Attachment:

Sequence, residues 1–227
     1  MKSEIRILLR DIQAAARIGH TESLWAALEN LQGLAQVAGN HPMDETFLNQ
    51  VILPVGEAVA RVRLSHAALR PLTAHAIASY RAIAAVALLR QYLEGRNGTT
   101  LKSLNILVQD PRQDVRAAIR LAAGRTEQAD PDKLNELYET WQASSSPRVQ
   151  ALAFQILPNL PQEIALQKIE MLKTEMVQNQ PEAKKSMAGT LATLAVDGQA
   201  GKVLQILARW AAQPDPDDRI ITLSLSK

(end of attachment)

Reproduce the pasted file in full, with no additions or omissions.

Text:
Sequence, residues 1–227
     1  MKSEIRILLR DIQAAARIGH TESLWAALEN LQGLAQVAGN HPMDETFLNQ
    51  VILPVGEAVA RVRLSHAALR PLTAHAIASY RAIAAVALLR QYLEGRNGTT
   101  LKSLNILVQD PRQDVRAAIR LAAGRTEQAD PDKLNELYET WQASSSPRVQ
   151  ALAFQILPNL PQEIALQKIE MLKTEMVQNQ PEAKKSMAGT LATLAVDGQA
   201  GKVLQILARW AAQPDPDDRI ITLSLSK